Shortly after bucking the expectations the tech-support department, his two closest friends and his father by dating the hot new guy, Sigmund figures out the meaning of Lain’s last name. The fact that every story Lain tells is filled with lies sort of makes sense if he’s actually a deceased Norse god, right? When Lain sprouts horns and a tail, Sigmund’s suspicions are confirmed. He’s actually dating the Liesmith, more commonly known as Loki. Continue reading “Review: Liesmith by Alis Franklin”

Review: Universes

Universes by Stephen Baxter

Stephen Baxter has been on the periphery of my awareness for years. I have read one of his stories, only one, a novella called Starfall. I enjoyed it and meant to read more. When he published Flood and Ark, I added them to my wish list. Both were exactly the sort of novel I love: post-apocalyptic adventure followed by an exodus to new planets with all the inherent science and problems. Shamefully, I have yet to read either.

When given the opportunity to read Universes, a collection of short fiction from three of Baxter’s universes, I noted that three of the stories were set in the Flood/Ark universe, and subsequently snapped it up. Short stories are a great way to taste the flavour of an author and sample one of their universes. In addition to three stories set in the Flood/Ark universe—one previously unpublished—there are two stories in the Jones & Bennet universe and another three in the Anti-Ice universe. All universes involve hard science and characters devoted to investigating it—which appears to be a trademark of Baxter’s writing. Given he has degrees in mathematics and engineering, it’s hardly surprising.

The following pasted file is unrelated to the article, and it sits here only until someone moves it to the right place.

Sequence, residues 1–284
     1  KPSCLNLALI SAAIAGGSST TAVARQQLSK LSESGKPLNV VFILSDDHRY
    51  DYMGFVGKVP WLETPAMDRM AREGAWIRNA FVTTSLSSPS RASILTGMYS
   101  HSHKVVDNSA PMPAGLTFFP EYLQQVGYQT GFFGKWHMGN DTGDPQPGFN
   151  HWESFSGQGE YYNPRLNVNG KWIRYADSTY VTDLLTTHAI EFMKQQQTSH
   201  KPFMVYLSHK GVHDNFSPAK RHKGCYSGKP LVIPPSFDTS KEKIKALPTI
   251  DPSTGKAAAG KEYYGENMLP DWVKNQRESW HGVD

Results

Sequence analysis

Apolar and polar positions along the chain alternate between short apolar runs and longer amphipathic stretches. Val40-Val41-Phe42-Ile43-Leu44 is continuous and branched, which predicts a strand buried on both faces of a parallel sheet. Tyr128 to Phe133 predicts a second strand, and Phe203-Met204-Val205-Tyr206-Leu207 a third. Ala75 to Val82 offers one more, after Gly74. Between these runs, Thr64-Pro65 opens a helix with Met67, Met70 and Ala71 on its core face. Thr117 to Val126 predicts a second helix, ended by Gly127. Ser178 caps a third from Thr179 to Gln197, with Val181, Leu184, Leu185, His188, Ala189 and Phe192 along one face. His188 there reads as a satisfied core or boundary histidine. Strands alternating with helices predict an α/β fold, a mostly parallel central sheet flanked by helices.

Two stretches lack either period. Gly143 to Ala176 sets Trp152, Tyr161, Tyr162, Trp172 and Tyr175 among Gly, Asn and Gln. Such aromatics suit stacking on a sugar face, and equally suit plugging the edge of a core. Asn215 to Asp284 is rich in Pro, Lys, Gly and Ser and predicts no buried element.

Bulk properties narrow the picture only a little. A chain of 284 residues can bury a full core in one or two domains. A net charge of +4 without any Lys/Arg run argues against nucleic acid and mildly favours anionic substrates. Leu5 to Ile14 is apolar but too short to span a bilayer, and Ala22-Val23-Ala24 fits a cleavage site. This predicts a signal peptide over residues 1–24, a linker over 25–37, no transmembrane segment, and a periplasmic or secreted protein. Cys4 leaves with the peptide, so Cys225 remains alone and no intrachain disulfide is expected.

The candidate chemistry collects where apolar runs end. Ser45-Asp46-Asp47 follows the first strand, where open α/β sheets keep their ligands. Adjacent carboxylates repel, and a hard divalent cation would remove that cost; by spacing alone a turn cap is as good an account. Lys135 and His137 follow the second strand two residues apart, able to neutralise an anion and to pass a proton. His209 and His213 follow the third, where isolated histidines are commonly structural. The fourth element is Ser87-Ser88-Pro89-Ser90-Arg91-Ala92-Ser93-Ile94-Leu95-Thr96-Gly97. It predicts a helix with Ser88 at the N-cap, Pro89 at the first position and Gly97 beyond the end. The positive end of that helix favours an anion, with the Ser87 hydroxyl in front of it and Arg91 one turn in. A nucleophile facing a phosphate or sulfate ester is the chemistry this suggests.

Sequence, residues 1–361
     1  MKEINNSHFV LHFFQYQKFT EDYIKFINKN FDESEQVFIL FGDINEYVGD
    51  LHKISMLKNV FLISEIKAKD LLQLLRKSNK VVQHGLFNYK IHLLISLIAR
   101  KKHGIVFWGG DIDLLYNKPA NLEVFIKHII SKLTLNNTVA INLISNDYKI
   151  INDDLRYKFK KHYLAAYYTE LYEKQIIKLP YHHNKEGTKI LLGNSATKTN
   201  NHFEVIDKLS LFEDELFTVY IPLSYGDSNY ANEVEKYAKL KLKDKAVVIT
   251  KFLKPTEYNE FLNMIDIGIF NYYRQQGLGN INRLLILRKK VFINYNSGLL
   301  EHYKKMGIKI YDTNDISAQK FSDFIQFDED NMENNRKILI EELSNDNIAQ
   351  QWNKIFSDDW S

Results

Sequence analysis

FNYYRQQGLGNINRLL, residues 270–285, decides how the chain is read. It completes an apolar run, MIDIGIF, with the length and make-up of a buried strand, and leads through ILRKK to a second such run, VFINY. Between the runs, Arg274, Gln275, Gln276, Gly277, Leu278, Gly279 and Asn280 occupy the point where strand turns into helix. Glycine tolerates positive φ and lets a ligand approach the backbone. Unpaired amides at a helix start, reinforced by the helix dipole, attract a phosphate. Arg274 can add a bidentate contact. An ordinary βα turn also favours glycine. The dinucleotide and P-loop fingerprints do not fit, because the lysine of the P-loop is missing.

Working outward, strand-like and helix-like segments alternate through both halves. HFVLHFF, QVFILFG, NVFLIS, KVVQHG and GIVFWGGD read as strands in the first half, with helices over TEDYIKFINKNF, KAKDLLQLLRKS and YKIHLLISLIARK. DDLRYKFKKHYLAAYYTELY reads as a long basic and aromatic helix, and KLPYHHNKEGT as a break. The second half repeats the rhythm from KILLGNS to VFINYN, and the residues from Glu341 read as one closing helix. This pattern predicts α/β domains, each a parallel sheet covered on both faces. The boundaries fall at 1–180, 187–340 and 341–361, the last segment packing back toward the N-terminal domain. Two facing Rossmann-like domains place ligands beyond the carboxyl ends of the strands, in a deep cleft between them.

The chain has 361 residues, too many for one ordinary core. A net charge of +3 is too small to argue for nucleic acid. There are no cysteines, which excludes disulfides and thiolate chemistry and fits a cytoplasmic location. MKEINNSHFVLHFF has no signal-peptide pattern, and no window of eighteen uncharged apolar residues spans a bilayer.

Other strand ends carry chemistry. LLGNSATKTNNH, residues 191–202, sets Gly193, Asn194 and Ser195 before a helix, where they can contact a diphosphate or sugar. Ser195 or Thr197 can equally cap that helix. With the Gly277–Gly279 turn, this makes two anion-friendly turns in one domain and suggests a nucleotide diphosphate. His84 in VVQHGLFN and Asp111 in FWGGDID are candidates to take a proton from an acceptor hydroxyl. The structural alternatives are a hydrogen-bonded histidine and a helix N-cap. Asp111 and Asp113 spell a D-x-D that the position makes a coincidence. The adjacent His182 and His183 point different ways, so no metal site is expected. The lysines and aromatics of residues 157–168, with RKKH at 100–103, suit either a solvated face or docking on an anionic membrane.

For the uninitiated, the Jones & Bennet stories are during the cold war era. Chapman Jones and Thelma Bennet work for an organisation known as DS8, or the UK Ministry of Defence Secretariat 8. They investigate un-catalogued phenomena and unusual life forms. Myths and legends. Anti-Ice is an alternate history setting where nineteenth century Earth receives a gift from the stars—a comet bearing anti-matter and alien life forms. The discovery and exploitation of these powers a new industrial revolution and steam powered rockets!